I think you can [unfortunately] bank on that happening. Same goes for HD space. So get the most powerful within your budget, but don’t scrimp on the visual output device or the manual input device - the rest is no use if they fail or wear out prematurely especially on mobile devices. :wink:

Staples Black Friday ad leaked today. They have an HP with an AMD A4 processor, 6 Gb and 1 TB - $280. Also HP AMD A8 with 8GB and same HD - $400. For another 50 bucks you get Lenovo i5 with 8GB. I suspect other vendors will come close in deals. I know nothing of the AMD processors, but one as cheap as the A4 would leave me room for a better video card. I do little or no gaming. Mostly office stuff and internet. Remember what Bill Gates said: “you will NEVER need more that 640k of memory.”

Okay, so pretty much every modern processor would meet those requirements and then some.

Staples Black Friday ad leaked today. They have an HP with an AMD A4 processor, 6 Gb and 1 TB - $280. Also HP AMD A8 with 8GB and same HD - $400. For another 50 bucks you get Lenovo i5 with 8GB. I suspect other vendors will come close in deals. I know nothing of the AMD processors, but one as cheap as the A4 would leave me room for a better video card.
Are those desktop or laptop systems?

Both of those AMD processors are slower then the intel i3. The i5, in turn, will be a behemoth to them all. But again, given your usage, it really won’t matter much – in a side by side comparison, sure you’d notice the difference in snappiness … but that wears off over time, as well as to mention, the cumulative time savings bought with an i5 opening a Word/Writer document is going to be what over the system’s lifetime? 10mins ? (I don’t know, that’s just a guess)

As for the video in the fore mentioned, with the AMD processors, you’d want to check whether they are either the older Llano or the newer Trinity models. AMD Fusion - Wikipedia, the free encyclopedia I guess the same applies to the intel – is staples clearing old Sandy Bridge inventory or are they Ivy Bridge processors.

Linux on those AMD’s – suggest the use of the prop. video driver (as, especially in the case of the newer Trinity based models, the OSS drivers are currently blah).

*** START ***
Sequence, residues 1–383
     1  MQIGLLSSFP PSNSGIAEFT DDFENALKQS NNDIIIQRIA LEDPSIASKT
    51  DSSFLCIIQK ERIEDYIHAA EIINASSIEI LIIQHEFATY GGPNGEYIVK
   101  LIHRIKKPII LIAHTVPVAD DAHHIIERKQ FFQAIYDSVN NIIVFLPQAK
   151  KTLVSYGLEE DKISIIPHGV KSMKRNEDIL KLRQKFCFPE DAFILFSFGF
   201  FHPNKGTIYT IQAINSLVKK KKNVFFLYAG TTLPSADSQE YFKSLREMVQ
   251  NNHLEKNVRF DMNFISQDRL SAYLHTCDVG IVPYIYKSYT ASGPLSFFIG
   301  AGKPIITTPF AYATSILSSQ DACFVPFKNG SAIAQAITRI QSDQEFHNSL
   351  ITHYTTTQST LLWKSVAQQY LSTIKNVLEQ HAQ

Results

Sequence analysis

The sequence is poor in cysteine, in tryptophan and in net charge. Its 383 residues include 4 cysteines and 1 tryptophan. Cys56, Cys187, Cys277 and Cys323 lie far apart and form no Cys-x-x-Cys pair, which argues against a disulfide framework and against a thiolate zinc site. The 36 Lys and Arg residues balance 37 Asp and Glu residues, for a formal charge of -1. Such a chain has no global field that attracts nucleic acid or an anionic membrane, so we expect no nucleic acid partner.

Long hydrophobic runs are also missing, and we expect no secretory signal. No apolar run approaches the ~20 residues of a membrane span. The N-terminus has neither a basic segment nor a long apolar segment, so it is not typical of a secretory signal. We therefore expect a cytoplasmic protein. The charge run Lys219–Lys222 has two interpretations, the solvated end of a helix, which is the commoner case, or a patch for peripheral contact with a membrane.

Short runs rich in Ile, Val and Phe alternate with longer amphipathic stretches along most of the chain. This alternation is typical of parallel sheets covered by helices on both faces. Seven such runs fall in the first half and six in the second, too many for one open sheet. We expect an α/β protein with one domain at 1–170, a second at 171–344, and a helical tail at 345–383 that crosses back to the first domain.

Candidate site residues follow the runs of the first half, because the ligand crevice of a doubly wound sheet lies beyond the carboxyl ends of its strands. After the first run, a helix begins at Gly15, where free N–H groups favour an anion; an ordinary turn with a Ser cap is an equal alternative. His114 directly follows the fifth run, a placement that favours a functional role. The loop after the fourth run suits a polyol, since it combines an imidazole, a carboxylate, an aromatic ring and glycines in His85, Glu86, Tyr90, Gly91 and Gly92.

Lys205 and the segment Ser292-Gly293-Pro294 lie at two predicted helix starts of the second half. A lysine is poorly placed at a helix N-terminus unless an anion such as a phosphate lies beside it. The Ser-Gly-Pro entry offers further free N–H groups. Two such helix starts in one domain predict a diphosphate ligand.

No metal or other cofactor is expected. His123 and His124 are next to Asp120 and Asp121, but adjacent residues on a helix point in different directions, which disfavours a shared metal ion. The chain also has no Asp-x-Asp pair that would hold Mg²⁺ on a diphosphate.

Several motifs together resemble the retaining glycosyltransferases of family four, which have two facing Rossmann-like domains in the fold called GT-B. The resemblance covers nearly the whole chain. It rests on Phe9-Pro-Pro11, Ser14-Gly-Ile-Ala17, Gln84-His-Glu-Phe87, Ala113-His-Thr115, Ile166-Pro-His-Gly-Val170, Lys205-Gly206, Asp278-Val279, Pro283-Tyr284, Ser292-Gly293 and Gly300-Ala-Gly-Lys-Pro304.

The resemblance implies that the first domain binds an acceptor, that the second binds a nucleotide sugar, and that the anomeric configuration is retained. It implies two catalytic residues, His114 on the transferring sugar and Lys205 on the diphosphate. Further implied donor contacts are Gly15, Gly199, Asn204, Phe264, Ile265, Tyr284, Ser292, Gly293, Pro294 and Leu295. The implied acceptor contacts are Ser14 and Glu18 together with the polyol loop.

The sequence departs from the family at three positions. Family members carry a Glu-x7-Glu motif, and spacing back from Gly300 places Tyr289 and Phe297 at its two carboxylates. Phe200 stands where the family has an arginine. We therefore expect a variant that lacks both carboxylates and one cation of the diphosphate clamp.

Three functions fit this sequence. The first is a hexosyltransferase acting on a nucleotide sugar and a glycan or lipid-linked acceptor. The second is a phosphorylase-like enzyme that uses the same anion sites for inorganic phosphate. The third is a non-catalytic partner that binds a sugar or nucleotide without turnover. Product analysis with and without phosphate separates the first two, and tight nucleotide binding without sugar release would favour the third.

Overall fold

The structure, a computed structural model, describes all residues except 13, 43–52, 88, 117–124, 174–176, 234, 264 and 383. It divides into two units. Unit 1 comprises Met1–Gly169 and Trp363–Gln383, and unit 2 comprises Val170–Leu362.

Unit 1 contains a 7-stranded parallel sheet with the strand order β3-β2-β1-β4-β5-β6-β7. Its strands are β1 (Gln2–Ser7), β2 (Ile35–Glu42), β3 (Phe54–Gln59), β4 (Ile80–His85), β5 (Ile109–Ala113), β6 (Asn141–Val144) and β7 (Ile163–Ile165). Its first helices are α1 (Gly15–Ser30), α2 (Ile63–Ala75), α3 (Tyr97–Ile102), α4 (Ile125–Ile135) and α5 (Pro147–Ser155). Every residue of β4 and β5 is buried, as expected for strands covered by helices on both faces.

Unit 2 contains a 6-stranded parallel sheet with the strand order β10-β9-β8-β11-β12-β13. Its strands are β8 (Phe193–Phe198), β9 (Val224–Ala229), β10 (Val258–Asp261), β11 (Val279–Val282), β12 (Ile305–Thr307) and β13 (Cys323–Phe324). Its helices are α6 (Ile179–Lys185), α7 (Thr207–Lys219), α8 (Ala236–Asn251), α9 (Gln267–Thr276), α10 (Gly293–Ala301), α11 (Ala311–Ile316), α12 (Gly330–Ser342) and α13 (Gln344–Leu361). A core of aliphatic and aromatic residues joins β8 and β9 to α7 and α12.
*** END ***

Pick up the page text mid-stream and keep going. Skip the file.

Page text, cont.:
Speaking of video – not sure why you’d want a better video card given your usage … all a better video card will buy you is some better video playback (in terms of advanced features that A/V nuts crave and which I highly doubt is applicable to you, as you’d of expressed it), gaming (which is evidently not applicable) and composting (for desktop effects … which should be handled fine by the graphics adapters in the processors you listed above – even if they are older Llano or Sandy Bridge based adapters!)

I’m not sure why you’d want to buy a Lenovo from Staples, as opposed to directly from Lenovo themselves (whom, like Dell and others, have system’s perpetually on Sale, or not-so-secret stackable coupons such that their listed regular price is nothing but a joke and which no one ever pays)… the Staples system is likely a B or G5xx model, whereas an equivalently priced E530 could be had directly from Lenovo.

I’d posit that the best bang for the buck that you will see is by getting an SSD aftermarket. (though make sure you get a correct physical sized one if you are getting a laptop; the industry is slowing transitioning to 7.5mm drives, but lots of 9mm drives and systems that natively take that later size still exist).

Remember what Bill Gates said: “you will NEVER need more that 640k of memory.”
No I don’t remember when he said that … but that’s only because I know that he NEVER said that. Its an urban myth.

Thanks for the detailed info. I will use it when I research all the ads. I am looking for a desktop. I have a few laptops laying around that I never use… except for when Sandy was coming and I charged them as an emergency source for my cell phone. I may get in line on Black Friday to get an Asus tablet like my wife has that would satisfy my portable needs. You guessed why I was looking for more video processing power. Currently, internet videos are barely acceptable and I have been turning to the internet to catch tv shows I missed when broadcast.